I Speak Dog, is a collaboration of many incredible people, including Jean Donaldson the founder of The Academy for Dog Trainers, which is considered the Harvard School for Dog Trainers.
Most people will recognize the name Ivan Pavlov, a Russian psychologist who became famous for his work with dogs. His undertaking brought the terms Pavlov's Dogs and Pavlovian Conditioning into play in the world of psychology and behaviour, and his work is an important part of what everyone examines when studying these fields. The concept Pavlov is famous for, Conditioned Reflex, was developed in 1901.
John B. Watson is another huge player in what we study. His address on Psychology as the Behaviorist Views It was given at Columbia University in 1913, and he is said to be one of the Father's of Behaviorism along with Edward Thorndike.
Thorndike presented Animal Intellegence in 1911, and he is the one credited for the discovery that responses to a behaviour that produced a reward, or positive consequence, were more likely to be repeated. Those behaviours that had a negative consequence were less likely to be repeated. This was called the Law of Effect.
When you consider that Pavlov, Watson, and Thorndike did their work in the late 1800's and early 1900's, well over 100 years ago, it's hard to fathom why so many people are still living in the dark ages when it comes to dog and animal training methods.
Fast forward to 1938 to B. F. Skinner and The Behavior of Organisms, looking at the science of behavior and how the analysis of behavior produces data which can be studied.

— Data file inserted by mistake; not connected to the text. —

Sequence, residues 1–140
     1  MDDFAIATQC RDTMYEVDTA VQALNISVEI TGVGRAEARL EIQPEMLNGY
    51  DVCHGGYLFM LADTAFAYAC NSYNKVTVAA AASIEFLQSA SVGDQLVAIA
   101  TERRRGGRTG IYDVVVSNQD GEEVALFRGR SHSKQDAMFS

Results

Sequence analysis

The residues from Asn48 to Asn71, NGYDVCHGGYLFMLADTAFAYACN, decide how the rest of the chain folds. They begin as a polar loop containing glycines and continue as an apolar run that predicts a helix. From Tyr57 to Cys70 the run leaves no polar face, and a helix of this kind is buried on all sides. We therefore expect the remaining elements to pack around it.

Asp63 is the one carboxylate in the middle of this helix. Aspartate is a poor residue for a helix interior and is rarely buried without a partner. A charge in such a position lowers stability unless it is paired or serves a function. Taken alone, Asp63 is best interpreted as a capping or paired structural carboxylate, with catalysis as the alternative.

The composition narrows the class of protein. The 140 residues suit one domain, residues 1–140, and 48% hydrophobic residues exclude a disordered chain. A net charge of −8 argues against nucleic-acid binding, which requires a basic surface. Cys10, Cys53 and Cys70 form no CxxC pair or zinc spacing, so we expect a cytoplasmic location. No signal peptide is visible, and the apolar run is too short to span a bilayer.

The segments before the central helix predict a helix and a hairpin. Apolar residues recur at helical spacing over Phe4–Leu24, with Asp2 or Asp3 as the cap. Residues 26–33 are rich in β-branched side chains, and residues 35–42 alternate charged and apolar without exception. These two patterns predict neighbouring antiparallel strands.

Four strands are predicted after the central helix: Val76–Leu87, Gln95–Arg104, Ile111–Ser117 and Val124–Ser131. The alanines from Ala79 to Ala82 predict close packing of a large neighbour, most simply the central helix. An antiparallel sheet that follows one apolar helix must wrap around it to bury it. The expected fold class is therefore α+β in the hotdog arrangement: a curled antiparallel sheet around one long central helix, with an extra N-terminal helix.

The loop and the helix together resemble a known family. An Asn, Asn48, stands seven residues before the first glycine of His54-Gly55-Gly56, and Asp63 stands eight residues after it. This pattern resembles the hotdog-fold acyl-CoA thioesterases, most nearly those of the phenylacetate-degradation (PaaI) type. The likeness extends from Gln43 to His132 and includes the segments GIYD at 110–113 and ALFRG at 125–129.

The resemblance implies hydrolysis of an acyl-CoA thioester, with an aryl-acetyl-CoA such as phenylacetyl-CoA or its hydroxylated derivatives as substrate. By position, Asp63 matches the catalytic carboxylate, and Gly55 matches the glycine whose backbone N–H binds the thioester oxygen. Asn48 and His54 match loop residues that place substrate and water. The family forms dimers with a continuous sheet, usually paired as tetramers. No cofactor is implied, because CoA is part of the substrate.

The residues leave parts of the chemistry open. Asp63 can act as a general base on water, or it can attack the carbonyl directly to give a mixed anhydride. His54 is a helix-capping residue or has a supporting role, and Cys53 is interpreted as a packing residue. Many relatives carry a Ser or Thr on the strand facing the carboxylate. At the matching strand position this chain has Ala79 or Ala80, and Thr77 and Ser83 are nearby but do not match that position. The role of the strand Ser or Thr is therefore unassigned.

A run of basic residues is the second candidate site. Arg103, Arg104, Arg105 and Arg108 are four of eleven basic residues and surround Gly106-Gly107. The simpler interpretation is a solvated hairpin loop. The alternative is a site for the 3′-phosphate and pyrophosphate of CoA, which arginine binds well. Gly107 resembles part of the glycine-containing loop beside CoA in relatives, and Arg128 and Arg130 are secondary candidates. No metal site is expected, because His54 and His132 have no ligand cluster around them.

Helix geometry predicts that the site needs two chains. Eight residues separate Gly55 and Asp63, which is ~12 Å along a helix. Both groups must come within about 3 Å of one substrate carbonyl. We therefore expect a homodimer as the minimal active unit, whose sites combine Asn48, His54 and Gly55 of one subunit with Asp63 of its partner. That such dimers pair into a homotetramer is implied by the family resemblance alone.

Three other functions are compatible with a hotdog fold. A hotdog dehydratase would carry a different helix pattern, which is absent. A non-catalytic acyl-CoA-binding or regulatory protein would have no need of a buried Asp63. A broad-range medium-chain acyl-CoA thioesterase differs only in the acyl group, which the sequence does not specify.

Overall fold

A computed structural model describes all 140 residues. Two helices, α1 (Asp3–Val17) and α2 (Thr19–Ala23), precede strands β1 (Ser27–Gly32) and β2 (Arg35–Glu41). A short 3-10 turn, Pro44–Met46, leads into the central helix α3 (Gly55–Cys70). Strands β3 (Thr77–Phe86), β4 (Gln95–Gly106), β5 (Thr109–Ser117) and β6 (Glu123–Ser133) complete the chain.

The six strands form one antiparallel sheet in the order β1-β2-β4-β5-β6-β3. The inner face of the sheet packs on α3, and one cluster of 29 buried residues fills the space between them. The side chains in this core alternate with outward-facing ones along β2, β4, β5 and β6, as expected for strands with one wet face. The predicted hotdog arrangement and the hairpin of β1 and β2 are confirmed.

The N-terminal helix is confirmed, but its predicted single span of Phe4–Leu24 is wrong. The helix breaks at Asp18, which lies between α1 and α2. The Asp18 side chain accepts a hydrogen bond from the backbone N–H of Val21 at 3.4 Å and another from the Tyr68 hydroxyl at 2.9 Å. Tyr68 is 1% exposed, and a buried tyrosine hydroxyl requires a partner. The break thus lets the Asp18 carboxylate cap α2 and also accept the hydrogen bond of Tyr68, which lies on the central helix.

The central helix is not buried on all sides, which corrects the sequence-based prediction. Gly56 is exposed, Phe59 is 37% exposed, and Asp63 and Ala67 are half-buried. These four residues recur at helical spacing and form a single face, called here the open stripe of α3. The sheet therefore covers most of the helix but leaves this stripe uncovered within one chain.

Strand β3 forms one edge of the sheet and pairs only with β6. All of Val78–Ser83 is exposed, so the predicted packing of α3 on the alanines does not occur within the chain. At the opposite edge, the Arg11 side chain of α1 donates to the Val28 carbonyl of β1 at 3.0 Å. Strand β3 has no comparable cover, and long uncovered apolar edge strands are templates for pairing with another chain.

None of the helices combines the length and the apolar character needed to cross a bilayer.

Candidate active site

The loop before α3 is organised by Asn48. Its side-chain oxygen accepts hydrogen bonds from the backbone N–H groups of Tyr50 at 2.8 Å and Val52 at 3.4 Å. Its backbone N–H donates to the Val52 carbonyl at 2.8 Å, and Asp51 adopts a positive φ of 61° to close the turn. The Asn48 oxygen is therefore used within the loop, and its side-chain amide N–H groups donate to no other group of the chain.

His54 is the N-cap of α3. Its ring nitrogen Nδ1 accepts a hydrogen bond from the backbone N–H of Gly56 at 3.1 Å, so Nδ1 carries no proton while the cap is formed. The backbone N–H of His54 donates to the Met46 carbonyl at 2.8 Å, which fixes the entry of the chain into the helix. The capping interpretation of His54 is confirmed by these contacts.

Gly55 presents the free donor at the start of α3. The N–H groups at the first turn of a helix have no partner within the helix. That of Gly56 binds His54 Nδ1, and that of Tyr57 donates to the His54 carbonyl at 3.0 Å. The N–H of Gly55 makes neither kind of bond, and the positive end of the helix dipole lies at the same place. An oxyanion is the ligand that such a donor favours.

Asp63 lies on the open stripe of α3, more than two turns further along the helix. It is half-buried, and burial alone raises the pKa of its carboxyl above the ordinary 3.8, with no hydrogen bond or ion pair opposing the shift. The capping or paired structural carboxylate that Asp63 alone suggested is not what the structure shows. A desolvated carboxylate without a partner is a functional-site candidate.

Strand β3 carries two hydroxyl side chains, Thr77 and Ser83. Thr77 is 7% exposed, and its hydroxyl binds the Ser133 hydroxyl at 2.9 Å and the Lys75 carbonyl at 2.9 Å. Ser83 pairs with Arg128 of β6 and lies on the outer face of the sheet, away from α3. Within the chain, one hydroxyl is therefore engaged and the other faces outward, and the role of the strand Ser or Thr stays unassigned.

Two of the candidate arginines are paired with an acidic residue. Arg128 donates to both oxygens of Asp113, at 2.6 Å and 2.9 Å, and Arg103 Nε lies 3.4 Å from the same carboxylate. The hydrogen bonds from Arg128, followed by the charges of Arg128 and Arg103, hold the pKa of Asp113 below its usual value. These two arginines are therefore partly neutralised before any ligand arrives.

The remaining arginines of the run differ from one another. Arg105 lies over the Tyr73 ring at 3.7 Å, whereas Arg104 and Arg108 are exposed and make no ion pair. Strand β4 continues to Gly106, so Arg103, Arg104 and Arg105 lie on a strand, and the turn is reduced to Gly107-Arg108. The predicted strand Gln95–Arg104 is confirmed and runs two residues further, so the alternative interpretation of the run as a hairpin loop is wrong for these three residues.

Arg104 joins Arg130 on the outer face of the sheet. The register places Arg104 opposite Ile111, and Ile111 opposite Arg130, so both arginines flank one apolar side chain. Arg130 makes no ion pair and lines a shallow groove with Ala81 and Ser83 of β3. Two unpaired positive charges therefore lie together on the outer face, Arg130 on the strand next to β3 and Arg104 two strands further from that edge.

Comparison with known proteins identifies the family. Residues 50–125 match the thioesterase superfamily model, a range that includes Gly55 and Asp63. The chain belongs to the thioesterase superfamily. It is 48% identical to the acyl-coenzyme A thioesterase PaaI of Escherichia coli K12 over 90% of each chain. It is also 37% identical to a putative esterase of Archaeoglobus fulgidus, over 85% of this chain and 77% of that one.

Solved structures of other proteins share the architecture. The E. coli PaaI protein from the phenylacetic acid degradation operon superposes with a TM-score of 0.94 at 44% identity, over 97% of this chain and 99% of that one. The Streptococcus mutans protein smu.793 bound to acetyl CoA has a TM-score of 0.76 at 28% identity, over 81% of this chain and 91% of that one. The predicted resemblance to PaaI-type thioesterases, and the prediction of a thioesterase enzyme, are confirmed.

Marian and her first husband, Keller Breland, started out as graduate students working for B.F. Skinner, the father of operant conditioning, and who for 47 years ran the most successful animal training business that ever existed. After Marian’s first husband, Keller, died, Marian carried on the business. She eventually married Bob Bailey and they continued successfully training animals. This is a short video highlighting Bob Bailey and what he teaches.
The list of famous, and highly dedicated people helping us learn about our dogs is enormous! Fortunately, many of these people have dedicated their careers to putting all this detailed, and sometimes extremely confusing, work in to books, articles, and papers that we, the general public, can understand and have easy access to.
Nowadays we have an incredible amount of information at our fingertips, literally.
Unfortunately much of that information is not that great, nor is it accurate, especially in the field of dog training. Television has taken the place of books and doing our own research on topics we love. I used to love National Geographic magazines, and later National Geographic channel, but since I entered the world of professional dog training and behaviour, I have completely lost trust in Nat Geo specifically because of their support and promotion of Cesar Millan and The Dog Whisperer. National Geographic, and this one man, have not only set back dog training by 100 years, but his promotion of control, dominance, and being a "pack leader" have caused serious problems for dogs and their people. In fact, the problem with dogs behaving aggressively has skyrocketed over the years since Cesar Millan, and others like him, began "teaching" the world how to "train" dogs.
If you want to learn more about how well educated, professional, and experienced people work in dog training and behaviour there are some excellent resources referenced throughout this website. When researching organisations, look for their Code Of Conduct, Guiding Principles, or Position Statements. Everyone should look in to the values of the various associations and organizations before engaging in the education and/or services they offer.
Living and working with challenging dogs can be hard, but we're a resilent lot! See this article on resilience.
The organizations I belong to and/or have memberships in are listed in the header of this website and I highly recommend them.